**If you're a newbie to the worldwide of sports wagering, you might be surprised to see the chances or odds displayed in a non-traditional format. However once you read our guide on how to understand betting odds you should see things in a much clearer light.**

Apart from the European odds which are most common, there are two other basic odds formats you need to comprehend. There's the American Odds or (Moneyline), and the fractional (UK Odds).

The American odds prevail for the American market– you can most likely think where the other two formats are popular.

Below you'll see examples for each odds format and comprehend them better.

## Moneyline (American) Odds

The American odds format is without a doubt the most confusing for UK punters.

Punters from the UK and Europe have a difficult time comprehending the line format utilized by Moneyline odds which work completely on American sports such as the NFL.

**These odds are displayed in a format of +250 or -110.**

The + and– symbols in front of the chances suggest whether a group is a favourite or underdog.

The favourites are shown by the – sign.

For instance, banking on a group with chances of -110 shows how much cash you need to invest in the wager to win ₤ 100.

A ₤ 110 bet on the team with those chances yields jackpots of ₤ 100, however you likewise get the original stake back, earning a total of $₤ 10.

When it concerns the underdog chances (+ sign), they suggest how much cash you can win if you bet ₤ 100.

To put things into point of view, a ₤ 100 bet on +240 odds implies you can win an overall of ₤ 340 (₤ 100 to win ₤ 240 + the initial stake).

There's a third sign related to Moneyline chances – PK. It's short for Pick and indicates that neither group is a preferred or underdog.

## Decimal Odds

The most popular chances across Europe are quite merely the easiest ones, although one could argue about Moneyline odds being even easier.

**The decimal format (e.g. 1.60) shows the amount you make money out if your selection is a winner.**

For instance, if you put a bet of ₤ 100 on chances of 1.60, you will get a payment of ₤ 160 (₤ 100 x 1.60).

It's a pretty easy odds format particularly if you're from Europe.

Decimal chances are similar to fractional chances we'll be covering below– they equal the decimal value of the fractional odds plus 1.

## Fractional Odds

Although they might look made complex to new punters, fractional (UK) odds are pretty simple to comprehend. They are displayed in a format of 1/5 or 5/1. The first number is the number of units you get if you wager the 2nd.

**For example, wagering ₤ 20 on a horse to win the race at odds of 5/1 ways you'll be getting a payment of x 5 (₤ 20 x 5 = ₤ 100).**

If you bet ₤ 20 on odds of 1/5, nevertheless, you'll get ₤ 1 for every single ₤ 5 you bet.

For instance, if you bet ₤ 5, you just get ₤ 6 in return– not extremely profitable.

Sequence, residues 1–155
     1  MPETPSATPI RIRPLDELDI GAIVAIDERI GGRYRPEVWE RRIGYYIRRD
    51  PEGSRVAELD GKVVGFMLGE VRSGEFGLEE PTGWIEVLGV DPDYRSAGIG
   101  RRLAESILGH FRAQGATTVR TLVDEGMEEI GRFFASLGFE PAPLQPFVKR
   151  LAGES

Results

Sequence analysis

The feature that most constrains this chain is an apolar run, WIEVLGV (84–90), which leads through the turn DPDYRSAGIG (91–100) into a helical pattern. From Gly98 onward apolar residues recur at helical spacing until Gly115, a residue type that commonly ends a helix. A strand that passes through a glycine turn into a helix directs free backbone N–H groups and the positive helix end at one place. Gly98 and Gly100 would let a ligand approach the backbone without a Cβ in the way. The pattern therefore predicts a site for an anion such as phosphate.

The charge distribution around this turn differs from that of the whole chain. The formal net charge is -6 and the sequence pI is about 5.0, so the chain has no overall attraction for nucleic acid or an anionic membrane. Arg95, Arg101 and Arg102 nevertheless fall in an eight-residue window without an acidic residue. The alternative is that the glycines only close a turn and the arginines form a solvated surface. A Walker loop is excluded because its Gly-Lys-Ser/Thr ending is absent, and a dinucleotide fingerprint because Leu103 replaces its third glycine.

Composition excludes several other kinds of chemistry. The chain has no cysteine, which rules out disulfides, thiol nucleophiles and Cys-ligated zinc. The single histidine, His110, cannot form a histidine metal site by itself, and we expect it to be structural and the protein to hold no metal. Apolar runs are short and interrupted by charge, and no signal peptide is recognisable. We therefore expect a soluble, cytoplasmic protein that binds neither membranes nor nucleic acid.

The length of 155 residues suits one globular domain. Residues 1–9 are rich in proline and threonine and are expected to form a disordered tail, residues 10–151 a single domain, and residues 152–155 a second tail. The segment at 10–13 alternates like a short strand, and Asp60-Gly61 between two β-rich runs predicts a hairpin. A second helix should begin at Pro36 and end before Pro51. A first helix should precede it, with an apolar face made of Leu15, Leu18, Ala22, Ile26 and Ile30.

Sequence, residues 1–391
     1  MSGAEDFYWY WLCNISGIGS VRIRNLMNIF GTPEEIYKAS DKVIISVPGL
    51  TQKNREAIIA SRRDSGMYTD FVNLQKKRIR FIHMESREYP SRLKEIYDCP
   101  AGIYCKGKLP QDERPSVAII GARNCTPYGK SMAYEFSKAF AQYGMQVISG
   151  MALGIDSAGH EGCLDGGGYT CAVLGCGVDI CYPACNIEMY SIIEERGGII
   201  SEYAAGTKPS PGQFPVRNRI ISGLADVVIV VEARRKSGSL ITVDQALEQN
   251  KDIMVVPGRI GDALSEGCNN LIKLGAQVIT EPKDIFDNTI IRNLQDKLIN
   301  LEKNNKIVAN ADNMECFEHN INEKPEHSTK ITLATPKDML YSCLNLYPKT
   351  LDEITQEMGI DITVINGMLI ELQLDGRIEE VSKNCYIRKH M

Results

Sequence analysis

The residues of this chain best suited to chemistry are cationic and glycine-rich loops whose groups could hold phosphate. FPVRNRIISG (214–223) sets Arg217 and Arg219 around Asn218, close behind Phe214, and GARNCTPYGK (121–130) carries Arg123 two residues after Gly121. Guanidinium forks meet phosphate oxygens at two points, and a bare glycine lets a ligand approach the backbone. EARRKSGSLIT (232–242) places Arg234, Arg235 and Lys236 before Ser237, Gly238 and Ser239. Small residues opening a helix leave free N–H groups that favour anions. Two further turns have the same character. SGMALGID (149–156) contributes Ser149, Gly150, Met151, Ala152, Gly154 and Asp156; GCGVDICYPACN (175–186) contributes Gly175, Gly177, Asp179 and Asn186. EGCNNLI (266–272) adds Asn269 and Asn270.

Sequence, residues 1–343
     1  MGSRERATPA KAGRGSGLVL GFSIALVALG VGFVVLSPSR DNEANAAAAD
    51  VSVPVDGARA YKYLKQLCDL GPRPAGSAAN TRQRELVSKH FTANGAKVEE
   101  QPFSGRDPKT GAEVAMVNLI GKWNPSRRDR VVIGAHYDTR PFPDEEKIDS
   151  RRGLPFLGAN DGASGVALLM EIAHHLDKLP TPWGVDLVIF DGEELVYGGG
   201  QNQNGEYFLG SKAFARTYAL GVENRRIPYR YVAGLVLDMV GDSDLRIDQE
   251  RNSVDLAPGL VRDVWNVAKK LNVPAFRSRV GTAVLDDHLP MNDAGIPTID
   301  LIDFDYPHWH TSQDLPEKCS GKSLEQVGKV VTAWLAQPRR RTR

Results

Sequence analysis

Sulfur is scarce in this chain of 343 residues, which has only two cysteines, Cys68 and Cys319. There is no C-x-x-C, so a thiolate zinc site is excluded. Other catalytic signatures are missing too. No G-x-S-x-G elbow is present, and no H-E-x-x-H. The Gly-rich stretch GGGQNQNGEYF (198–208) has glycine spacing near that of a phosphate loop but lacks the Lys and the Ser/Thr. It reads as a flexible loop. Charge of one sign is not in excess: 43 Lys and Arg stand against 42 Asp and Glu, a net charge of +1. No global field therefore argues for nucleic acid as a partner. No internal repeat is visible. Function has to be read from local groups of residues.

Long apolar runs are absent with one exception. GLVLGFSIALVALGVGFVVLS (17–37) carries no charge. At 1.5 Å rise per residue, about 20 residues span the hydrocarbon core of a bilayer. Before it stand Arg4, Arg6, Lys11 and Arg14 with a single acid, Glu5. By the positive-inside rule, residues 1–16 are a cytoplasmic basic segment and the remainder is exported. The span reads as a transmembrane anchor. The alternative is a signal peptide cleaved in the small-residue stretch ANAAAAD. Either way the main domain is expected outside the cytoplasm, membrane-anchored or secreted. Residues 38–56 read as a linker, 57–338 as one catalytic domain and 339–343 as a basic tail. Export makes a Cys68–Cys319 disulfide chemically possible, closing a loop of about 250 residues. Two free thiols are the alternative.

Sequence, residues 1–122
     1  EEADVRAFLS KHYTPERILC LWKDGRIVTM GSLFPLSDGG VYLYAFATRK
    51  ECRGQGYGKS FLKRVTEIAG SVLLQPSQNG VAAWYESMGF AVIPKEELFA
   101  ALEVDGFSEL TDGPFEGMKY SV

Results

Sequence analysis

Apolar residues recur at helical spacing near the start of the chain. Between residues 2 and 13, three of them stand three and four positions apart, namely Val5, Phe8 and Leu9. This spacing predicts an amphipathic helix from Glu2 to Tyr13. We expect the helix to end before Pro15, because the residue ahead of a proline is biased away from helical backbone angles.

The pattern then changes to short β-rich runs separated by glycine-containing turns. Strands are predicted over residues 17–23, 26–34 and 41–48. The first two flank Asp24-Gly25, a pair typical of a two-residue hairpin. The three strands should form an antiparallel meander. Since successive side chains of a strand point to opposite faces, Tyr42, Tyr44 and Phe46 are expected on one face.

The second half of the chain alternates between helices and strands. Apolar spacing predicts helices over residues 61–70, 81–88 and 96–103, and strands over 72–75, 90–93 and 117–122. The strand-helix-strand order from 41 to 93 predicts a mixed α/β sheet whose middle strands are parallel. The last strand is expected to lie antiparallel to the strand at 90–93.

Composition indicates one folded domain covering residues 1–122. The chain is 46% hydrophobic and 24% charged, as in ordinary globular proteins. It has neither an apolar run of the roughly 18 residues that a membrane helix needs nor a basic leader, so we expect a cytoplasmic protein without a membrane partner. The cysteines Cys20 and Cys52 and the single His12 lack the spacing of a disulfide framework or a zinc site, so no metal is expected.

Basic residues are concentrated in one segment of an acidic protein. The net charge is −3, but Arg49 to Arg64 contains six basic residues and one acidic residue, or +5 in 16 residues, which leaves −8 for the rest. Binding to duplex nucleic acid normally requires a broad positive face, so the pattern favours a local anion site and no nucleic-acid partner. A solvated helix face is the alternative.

These are the easiest examples of banking on fractional chances– let's see how it chooses more complex fractional odds.

## Odds of 2/4 Explained

If we transform odds of 2/4 to decimal chances, you get a result of 1.50 (-200 in Moneyline odds). For every 4 systems you bet, you get 2 in return if you anticipate correctly.

**Let's try an example. You wager ₤ 10 on Manchester United to beat Newcastle– the odds are 2/4. The quantity you get if United wins is ₤ 15.**

The overall earnings you've made on this bet is ₤ 5, but you also get your initial stake as well which is ₤ 10– that brings us to ₤ 15.

## Odds of 7/5 Explained

Fractional chances of 7/5 show that you will get 7 units for each 5 you wager. That's 12 in total– if you convert these chances to decimal, you get 2.40.

**If we utilize the abovementioned example, putting a ₤ 10 bet on 7/5 odds brings you to a total return of ₤ 24.**

That's a profit of ₤ 14 and the preliminary stake ₤ 10 returned. Unless it's a close match, chances of 7/5 typically suggest a slight underdog.

## Odds of 11/2 Explained

Moving further on in underdog area, banking on odds of 11/2 methods you'll be getting a hefty 11 returned when you bet just 2. These chances are normally readily available on long shots since you make a decent profit should you get the prediction right.

**Bet ₤ 10 on 11/2 odds and you'll make a profit of ₤ 55 for a total return of ₤ 65. **

The odds of 11/2 are a far cry from the two previous examples. So tread (or should we state wager?) with caution.

## Odds of 6/4 Explained

To understand betting odds of 6/4 sit simply above 7/5 in the pecking order. “Translated” to decimal odds you get a likelihood of 2.50.

**Utilizing the abovementioned example, a ₤ 10 bet on Manchester United to win versus Newcastle at odds of 6/4 would bring you to an overall return of ₤ 25.**

The revenue is ₤ 15 and you likewise get your initial stake returned.

As you can see, fractional odds are not that hard to understand. UK punters understand them by heart and other punters from around the world typically use them to bank on horse racing. Now that you know how they work, you should not be amazed to see them more often. Betting on fractional chances is more enjoyable if you ask us and that's what betting need to represent.